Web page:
Your Guide To Pain Relief During Labour

Your Guide To Pain Relief During Labour

You wouldn’t be human if you didn’t feel apprehensive about the pain that can come with labour – especially if you’re a first-time mother or have previously experienced a painful birth without the right support. To help you better understand your options, here’s what the experts want you to know…

Using Pain Relief Doesn’t Make You A Bad Parent

“There are no prizes for giving birth without pain relief. It doesn’t make you a better person, and likewise, putting your hand up and saying that you want an epidural doesn’t mean you’ve failed at a natural birth. Your birth is such a small part of such a long journey. Drugs such as the epidural were invented to help women deal with the pain of labour. Think about it – you wouldn’t have a tooth pulled without drugs, so why not take the same philosophy for labour?” – Becca Maberly, pregnancy and postnatal expert and founder of A Mother Place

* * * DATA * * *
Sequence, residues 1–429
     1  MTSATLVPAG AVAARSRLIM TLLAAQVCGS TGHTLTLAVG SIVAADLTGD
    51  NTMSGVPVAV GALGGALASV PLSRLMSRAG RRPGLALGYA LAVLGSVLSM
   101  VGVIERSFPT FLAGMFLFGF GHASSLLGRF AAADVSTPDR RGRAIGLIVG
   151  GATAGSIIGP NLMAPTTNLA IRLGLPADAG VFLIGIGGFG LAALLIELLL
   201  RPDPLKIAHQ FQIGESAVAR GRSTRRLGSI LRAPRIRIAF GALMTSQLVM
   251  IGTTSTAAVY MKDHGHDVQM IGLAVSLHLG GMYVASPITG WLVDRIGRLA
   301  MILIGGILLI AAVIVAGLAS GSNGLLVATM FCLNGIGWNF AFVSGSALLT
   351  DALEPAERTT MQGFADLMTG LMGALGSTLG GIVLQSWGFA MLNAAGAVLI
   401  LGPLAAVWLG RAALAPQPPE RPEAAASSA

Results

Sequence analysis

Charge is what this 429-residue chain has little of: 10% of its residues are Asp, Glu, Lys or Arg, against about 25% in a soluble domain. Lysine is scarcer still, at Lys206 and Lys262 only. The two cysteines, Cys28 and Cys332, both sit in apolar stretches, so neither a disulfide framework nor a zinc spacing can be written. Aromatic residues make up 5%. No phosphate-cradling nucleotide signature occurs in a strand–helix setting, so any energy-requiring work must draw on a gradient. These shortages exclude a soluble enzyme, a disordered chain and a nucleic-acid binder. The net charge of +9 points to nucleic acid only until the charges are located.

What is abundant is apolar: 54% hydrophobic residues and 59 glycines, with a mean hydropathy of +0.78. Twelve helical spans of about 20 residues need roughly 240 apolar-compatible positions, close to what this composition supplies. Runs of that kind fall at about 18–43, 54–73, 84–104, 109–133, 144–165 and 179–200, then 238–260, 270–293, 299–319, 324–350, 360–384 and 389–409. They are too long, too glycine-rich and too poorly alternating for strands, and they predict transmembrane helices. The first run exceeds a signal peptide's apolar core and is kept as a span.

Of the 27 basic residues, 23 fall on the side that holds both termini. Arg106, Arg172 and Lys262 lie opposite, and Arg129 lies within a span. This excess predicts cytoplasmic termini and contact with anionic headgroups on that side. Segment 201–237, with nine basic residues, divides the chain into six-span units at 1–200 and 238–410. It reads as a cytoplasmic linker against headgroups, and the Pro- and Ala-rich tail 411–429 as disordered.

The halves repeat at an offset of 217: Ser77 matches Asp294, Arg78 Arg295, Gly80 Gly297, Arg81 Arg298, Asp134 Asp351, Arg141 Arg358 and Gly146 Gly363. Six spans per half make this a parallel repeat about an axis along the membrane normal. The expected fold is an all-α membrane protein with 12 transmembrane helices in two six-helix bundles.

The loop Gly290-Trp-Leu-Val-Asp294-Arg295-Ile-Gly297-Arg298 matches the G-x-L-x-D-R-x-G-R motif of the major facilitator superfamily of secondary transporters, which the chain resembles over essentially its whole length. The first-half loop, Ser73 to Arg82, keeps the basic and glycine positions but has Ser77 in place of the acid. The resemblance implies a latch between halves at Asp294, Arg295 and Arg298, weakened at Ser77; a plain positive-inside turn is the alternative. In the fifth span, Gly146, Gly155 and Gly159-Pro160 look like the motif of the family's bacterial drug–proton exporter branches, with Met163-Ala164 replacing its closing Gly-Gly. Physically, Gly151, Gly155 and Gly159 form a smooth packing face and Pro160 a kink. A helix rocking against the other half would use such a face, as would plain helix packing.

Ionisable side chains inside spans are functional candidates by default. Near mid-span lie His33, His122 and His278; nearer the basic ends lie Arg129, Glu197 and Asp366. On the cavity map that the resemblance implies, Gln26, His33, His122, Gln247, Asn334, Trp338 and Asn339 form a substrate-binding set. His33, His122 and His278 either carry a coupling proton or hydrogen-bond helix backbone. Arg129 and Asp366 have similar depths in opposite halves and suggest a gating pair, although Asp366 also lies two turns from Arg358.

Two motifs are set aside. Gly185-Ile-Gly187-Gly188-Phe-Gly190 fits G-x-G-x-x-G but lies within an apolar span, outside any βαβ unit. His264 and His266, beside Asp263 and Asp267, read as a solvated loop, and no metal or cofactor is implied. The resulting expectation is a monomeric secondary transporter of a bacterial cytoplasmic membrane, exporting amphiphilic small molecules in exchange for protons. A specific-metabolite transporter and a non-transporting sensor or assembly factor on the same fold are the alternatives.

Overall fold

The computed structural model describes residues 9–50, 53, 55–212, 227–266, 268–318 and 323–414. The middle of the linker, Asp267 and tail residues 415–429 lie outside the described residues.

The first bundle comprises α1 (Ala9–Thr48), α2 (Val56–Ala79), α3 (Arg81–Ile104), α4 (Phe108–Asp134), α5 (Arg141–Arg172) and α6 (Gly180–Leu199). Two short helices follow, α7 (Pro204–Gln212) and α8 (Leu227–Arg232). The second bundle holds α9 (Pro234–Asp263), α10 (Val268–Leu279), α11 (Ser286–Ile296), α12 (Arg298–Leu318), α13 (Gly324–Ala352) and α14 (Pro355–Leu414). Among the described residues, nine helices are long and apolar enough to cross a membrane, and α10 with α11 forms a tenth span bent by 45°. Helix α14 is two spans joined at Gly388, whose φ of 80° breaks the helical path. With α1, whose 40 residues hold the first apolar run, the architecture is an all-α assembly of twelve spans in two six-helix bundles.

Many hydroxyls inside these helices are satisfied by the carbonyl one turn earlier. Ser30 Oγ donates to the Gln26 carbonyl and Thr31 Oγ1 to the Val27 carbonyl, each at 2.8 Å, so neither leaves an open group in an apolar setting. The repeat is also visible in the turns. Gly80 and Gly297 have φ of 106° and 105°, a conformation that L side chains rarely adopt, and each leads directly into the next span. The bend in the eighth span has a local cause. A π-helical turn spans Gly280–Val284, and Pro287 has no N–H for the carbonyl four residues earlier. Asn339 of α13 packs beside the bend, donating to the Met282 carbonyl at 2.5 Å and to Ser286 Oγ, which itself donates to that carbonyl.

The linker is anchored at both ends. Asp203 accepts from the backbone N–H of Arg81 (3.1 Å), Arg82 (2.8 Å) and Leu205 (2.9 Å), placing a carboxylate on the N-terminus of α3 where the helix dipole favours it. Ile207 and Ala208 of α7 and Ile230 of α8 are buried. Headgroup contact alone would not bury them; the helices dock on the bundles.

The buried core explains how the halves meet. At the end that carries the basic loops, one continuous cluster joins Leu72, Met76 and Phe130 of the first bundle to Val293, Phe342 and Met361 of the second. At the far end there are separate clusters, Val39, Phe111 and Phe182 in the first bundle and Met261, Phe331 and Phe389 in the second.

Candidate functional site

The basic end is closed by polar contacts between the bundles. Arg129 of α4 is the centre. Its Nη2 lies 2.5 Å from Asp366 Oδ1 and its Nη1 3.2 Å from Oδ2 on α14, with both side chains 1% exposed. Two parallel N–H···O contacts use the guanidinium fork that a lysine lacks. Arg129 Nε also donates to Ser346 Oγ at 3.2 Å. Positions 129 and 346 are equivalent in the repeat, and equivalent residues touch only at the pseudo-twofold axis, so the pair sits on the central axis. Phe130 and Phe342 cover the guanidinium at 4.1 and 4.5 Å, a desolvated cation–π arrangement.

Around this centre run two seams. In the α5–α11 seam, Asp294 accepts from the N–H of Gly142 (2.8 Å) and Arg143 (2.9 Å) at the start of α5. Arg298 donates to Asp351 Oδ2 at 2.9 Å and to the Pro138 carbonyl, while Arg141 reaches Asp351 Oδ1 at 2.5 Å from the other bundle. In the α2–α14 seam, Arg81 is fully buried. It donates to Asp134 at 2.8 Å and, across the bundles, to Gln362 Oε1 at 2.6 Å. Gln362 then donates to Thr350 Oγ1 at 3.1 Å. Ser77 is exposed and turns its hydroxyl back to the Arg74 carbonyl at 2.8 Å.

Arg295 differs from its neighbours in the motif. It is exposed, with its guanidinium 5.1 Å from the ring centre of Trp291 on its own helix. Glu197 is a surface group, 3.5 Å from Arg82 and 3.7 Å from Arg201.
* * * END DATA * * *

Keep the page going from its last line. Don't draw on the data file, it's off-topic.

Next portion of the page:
You’re Not Being Judged

“There’s so much sentiment that the ‘tough’ women don’t need an epidural – it’s total rubbish. As a mother of an 11-year-old, I can promise you no-one talks about, or probably cares, what pain relief they had when their babies were born. It’s what happens in their life that’s far more important. Statistically, it’s first-time mothers that are most likely to need an epidural and that’s because statistically, their labours are longer. Once your cervix has opened once, it’s easier to do it again. But that’s not true for everyone so keep your options open, and if you need medicalised pain relief, have it.” – Marina Fogle, co-founder of The Bump Class